UPDATED May 6: The Arlington Select Board -- after hearing from more than a dozen recognized speakers about the controversial ceasefire resolution due to go to Special Town Meeting on Wednesday -- went into recess and left the room at 7:40 p.m. Wednesday. This occurred after Board Chair Steve DeCourcey more than once warned disruptive audience members in the room -- to no avail -- not to shout out from the gallery. The board soon returned and, on a motion by Eric Helmuth and a second by Len Diggins, voted  5-0 for "no report."

What that means, DeCourcey said and Town Council Michael Cunningham affirmed, was that the proposed resolution -- Special Town Meeting Article 5 -- is to now become "the main motion" before Town Meeting members, who are the only people authorized to actually adopt -- or not -- any given article. DeCourcey emphasized that he had previously spoken with Cunningham to confirm that, while an advisory opinion from the board to Town Meeting is generally traditional on articles, it is not required.

Diane Mahon said she appreciated the audience but advocated for continual respect from all and to all going forward. "We do thank you for coming out," she said.

Recently endorsed by the town's Human Rights Commission, Special Town Meeting Article 5 seeks an immediate permanent ceasefire in the Israel-Hamas war, release of all hostages and other related measures; the commission voted, 8-1, to support this on April 24.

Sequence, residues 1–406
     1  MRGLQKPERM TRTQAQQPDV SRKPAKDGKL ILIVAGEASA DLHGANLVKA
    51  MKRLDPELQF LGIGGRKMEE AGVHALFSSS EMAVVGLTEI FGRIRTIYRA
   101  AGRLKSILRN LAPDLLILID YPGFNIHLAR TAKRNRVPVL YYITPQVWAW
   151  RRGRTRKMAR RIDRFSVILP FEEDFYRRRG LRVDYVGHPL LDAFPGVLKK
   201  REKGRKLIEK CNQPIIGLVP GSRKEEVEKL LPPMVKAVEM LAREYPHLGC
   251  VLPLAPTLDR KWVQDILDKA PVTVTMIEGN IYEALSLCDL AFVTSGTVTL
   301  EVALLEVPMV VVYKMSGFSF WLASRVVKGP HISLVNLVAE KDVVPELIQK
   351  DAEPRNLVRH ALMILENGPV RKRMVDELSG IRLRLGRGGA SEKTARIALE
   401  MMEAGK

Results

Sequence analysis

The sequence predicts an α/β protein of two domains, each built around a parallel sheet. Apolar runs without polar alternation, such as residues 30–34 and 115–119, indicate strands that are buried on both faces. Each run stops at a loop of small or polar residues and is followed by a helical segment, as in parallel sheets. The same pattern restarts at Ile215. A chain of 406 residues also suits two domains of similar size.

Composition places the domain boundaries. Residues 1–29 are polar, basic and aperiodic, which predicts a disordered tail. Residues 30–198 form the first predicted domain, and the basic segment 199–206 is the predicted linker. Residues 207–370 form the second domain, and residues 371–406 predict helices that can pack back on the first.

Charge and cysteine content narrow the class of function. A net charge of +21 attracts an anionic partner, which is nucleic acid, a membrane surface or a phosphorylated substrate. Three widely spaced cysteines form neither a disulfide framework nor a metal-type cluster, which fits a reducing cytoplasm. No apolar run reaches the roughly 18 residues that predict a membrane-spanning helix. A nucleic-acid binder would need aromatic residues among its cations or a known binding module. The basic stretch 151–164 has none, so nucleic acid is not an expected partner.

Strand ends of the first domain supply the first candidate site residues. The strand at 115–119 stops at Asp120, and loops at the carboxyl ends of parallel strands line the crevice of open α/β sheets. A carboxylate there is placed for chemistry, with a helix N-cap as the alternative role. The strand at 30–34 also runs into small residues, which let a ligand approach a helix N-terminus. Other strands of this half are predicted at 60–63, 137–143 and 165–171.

The board meeting ended just after 7:50 p.m., about five minutes later than planned. It had been scheduled to go only until 7:45 p.m. because of Session 3 of Town Meeting at 8 p.m. -- and the article was not, per the board agenda, scheduled to receive a vote; that article and four others are scheduled to go Wednesday, May 8, to Special Town Meeting. 

At the meeting, those who spoke in favor of the resolution exceeded the number who spoke against, as is common practice at government meetings, each person was alloted three minutes. At least a dozen other people, some attending in person, others via Zoom, had hoped to speak as well but could not due to the time constraints, so their positions remain unknown. It was not certain whether this is what prompted the crosstalk nor what views might be held by those speaking out of turn, and neither the identity of those calling out nor what they said was intelligible to this reporter watching over Zoom.

Speaking strongly in favor of the resolution was Arfi Jayanti. "It's nothing but pro-humanity," she said, intended "to support peace in the Middle East." She was one of several speakers who mentioned severe food shortages in Gaza in the Israel-Hamas war that began Oct. 8 -- and to refer to the overall situation  as an "atrocity" and a "genocide." She also said, "We Americans are complicit -- we sponsored it," possibly referring to recently approved billions of dollars of federal funding for Israel, Taiwan and Ukraine. She concluded by saying, "I support ceasefire of all wars."

In a statement Monday, resolution co-author and Town Meeting Member Sarah McKinnon expressed her thoughts.